MOUNT VERNON — As part of an on-site reaccreditation of the Knox County Sheriff’s Office by the Commission on Accreditation for Law Enforcement Agencies, a public information session was held Monday night at the Public Library of Mount Vernon and Knox County. The session was held to give members of the public a chance to ask questions and offer input into the process.
The Knox County Sheriff’s Office was first accredited in 2007. The accreditation is done every three years. Sheriff David Barber said he feels this is an important step in better serving the community.
“The biggest reason to be accredited is the exposure to liability to the county and the sheriff’s office,” he said. “Achieving the highest standard of policy and procedure that we do, so much so that CORSA, which is the insurance sharing group that insures our county, agreed two years ago to fund any Ohio sheriff’s office that was willing to achieve accreditation other than personnel costs.”
Barber said CORSA has been paying the sheriff’s office CELEA bills for maintaining its standing for the last two years.
“There has been no general fund monies other than Dan Selby’s pay as accreditation manager,” Barber added.
This accreditation requires the sheriff’s office to be in compliance with 474 law enforcement standards.
“This requires us to maintain policy and procedures and operating protocol and accountability with every single aspect of the operation of the sheriff’s office,” Barber said. “I think the community is best served by a law enforcement agency that strives for excellence and who at any time opens their office to this scrutiny. This is professional peer review for a law enforcement agency.”
The hearing was conducted by two of the CELEA assessors, Michael O’Brien of the Harris County Sheriff’s Office in Texas and Randy Cripe of the Elkhart County Sheriff’s Office in Indiana.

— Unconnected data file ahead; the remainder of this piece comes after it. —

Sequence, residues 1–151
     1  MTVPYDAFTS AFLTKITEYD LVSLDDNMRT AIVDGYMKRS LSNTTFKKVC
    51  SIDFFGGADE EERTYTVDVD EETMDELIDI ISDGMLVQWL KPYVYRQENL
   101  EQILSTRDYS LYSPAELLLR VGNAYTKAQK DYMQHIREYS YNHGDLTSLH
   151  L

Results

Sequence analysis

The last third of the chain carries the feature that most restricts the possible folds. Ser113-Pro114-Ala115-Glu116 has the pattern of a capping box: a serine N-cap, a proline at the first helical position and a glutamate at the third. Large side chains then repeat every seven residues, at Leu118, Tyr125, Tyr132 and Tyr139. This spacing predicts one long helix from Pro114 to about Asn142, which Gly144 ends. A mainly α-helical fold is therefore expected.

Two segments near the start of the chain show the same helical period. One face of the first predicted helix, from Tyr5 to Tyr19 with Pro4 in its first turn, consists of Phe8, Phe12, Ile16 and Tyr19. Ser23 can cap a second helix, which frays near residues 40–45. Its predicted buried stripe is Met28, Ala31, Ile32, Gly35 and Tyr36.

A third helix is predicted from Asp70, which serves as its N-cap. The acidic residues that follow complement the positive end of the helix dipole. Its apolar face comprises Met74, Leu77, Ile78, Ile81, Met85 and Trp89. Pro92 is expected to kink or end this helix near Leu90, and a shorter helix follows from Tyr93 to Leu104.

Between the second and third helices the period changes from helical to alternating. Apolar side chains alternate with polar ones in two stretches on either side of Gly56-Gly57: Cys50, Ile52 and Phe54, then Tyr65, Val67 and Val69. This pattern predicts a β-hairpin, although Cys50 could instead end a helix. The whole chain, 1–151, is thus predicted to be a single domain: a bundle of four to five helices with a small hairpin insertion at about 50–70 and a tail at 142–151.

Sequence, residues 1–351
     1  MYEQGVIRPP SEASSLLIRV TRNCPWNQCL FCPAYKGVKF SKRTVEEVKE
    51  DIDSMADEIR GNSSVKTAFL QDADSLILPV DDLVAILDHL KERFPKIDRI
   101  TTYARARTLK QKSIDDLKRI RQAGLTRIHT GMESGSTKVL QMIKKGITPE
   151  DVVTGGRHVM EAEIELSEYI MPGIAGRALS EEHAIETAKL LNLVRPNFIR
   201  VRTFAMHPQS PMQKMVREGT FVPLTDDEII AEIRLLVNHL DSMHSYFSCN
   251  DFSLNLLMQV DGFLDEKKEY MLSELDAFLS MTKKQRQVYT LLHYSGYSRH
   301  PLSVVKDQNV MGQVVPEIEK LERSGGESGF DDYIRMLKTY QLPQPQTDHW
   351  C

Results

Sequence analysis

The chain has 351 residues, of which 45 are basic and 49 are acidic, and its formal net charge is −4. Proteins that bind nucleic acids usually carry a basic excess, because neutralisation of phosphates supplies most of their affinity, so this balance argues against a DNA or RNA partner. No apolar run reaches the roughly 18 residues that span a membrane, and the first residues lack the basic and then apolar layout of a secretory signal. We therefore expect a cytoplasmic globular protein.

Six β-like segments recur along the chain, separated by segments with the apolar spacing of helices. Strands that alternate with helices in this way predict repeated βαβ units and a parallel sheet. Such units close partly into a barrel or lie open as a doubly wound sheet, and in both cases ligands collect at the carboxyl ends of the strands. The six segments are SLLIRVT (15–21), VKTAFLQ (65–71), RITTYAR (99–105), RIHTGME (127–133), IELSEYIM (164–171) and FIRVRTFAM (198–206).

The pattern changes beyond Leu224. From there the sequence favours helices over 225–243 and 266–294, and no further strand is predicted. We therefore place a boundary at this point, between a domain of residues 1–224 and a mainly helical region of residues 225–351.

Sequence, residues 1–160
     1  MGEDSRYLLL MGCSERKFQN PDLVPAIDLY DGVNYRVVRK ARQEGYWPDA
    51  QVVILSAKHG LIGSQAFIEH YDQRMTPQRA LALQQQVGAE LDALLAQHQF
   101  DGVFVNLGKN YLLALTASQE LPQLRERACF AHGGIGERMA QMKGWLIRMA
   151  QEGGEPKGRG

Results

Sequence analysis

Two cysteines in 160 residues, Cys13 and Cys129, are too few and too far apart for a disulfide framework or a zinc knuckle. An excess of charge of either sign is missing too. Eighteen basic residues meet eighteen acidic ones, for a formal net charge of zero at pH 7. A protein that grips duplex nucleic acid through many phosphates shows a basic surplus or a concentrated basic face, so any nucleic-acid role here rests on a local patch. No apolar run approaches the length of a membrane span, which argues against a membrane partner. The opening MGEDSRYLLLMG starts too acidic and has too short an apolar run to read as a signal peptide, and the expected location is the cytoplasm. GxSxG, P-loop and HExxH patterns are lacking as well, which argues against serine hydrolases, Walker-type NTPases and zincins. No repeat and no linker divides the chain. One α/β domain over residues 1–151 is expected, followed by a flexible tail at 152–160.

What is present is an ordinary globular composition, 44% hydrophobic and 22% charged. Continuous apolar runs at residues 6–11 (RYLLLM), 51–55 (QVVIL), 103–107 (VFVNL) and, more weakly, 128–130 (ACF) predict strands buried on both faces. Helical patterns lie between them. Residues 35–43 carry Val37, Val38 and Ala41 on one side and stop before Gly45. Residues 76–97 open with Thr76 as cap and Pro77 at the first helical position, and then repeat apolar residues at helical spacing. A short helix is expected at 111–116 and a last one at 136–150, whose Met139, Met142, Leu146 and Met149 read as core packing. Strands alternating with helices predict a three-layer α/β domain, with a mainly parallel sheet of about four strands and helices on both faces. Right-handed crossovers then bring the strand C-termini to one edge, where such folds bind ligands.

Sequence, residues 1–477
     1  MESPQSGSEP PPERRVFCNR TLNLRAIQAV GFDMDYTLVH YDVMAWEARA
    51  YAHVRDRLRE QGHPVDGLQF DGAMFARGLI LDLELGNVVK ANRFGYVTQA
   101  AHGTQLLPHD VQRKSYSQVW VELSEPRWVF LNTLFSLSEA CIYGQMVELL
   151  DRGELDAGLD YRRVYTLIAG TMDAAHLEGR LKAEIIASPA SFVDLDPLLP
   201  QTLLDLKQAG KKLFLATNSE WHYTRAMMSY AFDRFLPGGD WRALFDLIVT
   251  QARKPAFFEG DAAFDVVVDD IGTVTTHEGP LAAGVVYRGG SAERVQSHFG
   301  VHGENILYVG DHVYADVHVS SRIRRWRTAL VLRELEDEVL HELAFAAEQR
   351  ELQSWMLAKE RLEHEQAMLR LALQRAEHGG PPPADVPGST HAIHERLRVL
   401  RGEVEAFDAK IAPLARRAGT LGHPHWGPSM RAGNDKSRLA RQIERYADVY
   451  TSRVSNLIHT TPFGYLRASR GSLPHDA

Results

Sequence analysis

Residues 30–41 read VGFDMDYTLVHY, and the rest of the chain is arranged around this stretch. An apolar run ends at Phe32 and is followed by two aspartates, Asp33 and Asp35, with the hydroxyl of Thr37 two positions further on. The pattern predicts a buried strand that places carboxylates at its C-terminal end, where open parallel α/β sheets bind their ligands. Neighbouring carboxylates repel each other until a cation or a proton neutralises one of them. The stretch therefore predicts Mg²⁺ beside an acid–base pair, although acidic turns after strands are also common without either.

“We have been authorized to assess the Knox County Sheriff’s Office by CELEA,” O’Brien said, speaking for CELEA. “The Knox County Sheriff’s Office has voluntarily contracted with the commission to work toward reaccreditation and to continue to demonstrate its professional excellence.”
The hearing took input from three people, Knox County Common Pleas Court Judge Otho Eyster, City Assistant Prosecutor P. Robert Broeren Jr. and Ohio State Highway Patrol Lt. Chad McGinty.
“I deal with the sheriff’s office in the civil and criminal felony branch,” Eyster said. “I have worked with the sheriff’s office for 35 years. Three years ago I stood before this committee. I said at that time I thought the sheriff’s office was in the best shape I’d ever seen it in all my years of being involved in the criminal justice system. Their cooperation with my office is just taken for granted. Dave has some excellent people in his office, Gary Rohler and Dave Shaffer, and the department is stronger than it’s ever been.”
Broeren and McGinty backed Eyster on his experience with the sheriff’s office.
“I think the sheriff’s office provides an incredibly valuable service to the community,” Broeren said.
“He does a very professional and progressive job,” added McGinty. “I feel the office should be reaccredited.”